Meghan and I heard similar arguments made by humane tech leaders with whom we convened at Stanford University earlier this year, by internet law experts, by neuroscientists, and most importantly by young people who have grown up in a fully connected world.

We have an opportunity to do better and remake the digital world, to look at the past and use it to inform the future. We must take a critical eye to the last two decades, where advancements in technology and media have outgrown many of the antiquated guardrails that once ensured they were being designed and used appropriately. It shouldn’t be seen as a coincidence that the rise of social media has been matched by a rise in division amongst us globally. Social media’s own algorithms and recommendation tools can drive people down paths toward radicalism and extremism that they might not have taken otherwise.

There are billions of people right now—in the midst of a global pandemic that has taken hundreds of thousands of lives—who rely on algorithmically driven information feeds to make judgments about fact vs. fiction, about truth vs. lies. One could argue that access to accurate information is more important now than any other time in modern history. And yet, the very places that allow disinformation to spread seem to throw their arms up when asked to take responsibility and find solutions.

We all need a better online experience. We’ve spoken with leaders across the racial justice movement, experts in humane tech, and advocates of mental health. And the collective opinion is abundantly clear: We do not have the luxury of time.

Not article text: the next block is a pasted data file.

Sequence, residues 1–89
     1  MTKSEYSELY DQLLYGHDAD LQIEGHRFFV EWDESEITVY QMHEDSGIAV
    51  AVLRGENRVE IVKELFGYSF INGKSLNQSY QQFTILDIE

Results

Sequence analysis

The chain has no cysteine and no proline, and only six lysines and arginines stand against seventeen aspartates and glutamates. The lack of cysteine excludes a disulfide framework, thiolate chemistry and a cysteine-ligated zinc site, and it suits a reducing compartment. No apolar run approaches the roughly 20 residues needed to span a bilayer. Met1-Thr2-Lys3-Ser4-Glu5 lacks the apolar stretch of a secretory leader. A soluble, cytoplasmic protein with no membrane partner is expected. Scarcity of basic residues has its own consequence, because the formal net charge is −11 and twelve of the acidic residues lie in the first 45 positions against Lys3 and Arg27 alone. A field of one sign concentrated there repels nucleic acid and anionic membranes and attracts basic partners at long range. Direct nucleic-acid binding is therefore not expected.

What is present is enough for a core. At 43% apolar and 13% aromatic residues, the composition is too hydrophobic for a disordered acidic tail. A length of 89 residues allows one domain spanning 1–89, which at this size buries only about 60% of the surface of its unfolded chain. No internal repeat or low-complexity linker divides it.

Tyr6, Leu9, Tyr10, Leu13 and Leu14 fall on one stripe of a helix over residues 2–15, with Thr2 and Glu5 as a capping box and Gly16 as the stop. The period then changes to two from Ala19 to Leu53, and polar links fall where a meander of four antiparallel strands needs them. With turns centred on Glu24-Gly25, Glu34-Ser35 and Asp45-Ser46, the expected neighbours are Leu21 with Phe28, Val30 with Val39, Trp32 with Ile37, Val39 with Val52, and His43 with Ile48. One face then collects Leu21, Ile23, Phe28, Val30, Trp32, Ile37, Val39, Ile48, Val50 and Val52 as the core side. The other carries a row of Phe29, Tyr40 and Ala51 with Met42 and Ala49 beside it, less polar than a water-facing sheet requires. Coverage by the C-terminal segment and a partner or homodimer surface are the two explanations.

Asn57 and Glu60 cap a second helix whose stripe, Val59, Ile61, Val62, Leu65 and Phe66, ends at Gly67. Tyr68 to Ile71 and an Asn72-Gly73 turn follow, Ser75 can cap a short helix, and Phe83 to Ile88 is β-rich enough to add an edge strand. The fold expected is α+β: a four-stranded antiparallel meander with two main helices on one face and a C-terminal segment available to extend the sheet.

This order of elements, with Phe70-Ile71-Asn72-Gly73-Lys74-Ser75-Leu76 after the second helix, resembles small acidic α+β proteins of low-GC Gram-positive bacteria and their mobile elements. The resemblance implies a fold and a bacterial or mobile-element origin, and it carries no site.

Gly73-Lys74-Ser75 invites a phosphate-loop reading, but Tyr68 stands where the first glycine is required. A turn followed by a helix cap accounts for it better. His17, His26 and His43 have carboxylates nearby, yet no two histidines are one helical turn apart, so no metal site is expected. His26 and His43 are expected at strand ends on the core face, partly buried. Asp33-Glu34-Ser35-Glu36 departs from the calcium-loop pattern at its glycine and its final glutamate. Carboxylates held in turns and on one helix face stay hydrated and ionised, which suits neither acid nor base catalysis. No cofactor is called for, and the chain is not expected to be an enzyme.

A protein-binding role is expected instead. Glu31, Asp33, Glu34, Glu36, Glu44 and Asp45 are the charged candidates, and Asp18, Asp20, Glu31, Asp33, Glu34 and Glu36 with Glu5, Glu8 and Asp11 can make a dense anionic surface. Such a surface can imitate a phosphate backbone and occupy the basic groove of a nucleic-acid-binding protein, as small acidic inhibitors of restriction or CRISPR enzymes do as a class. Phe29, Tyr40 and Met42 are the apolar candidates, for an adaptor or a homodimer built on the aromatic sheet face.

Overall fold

We need meaningful digital reform, and while the role of policymakers and regulators is important, we can’t just wait for them to take the next steps. This is a moment for companies around the world—companies with business and advertising models directly tied to digital platforms—to consider how they can bring about reform to ensure the betterment of all.


It was reported recently that, for the first time, spending on digital advertising is set to eclipse ad spending in traditional media. Think about what this means. The standards and practices advertisers rely upon when placing their commercials on television, for example, do not apply when it comes to the online space—arguably, the largest broadcaster in the world. And for the first time in history, the ad spend in this relatively lawless space is beginning to overshadow the more traditional spaces. No manufacturer is likely placing their television soap ad next to this type of toxicity, yet due to the nature of the digital world, that advertisement could be sandwiched between inciting propaganda.

So there is huge value in advertisers sitting at the table with advocacy leaders, with policy leaders, with civil society leaders, in search of solutions that strengthen the digital community while protecting its free and open nature.

For companies that purchase online ads, it is one thing to unequivocally disavow hate and racism, white nationalism and anti-Semitism, dangerous misinformation, and a well-established online culture that promotes violence and bigotry. It is another thing for them to use their leverage, including through their advertising dollars, to demand change from the very places that give a safe haven and vehicle of propagation to hate and division. We’re hopeful to see this approach amongst industry leaders become reality. For one, the industry group GARM—the Global Alliance for Responsible Media—has committed to evaluating standards and definitions around online hate speech.

But this is just the beginning. And our hope is that it’s the beginning of a movement where we, as people, place community and connection, tolerance and empathy, and joy and kindness above all. The internet has enabled us to be joined together. We are now plugged into a vast nervous system that, yes, reflects our good, but too often also magnifies and fuels our bad. We can—and must—encourage these platforms to redesign themselves in a more responsible and compassionate way. The world will feel it, and we will all benefit from it.

This article first appeared in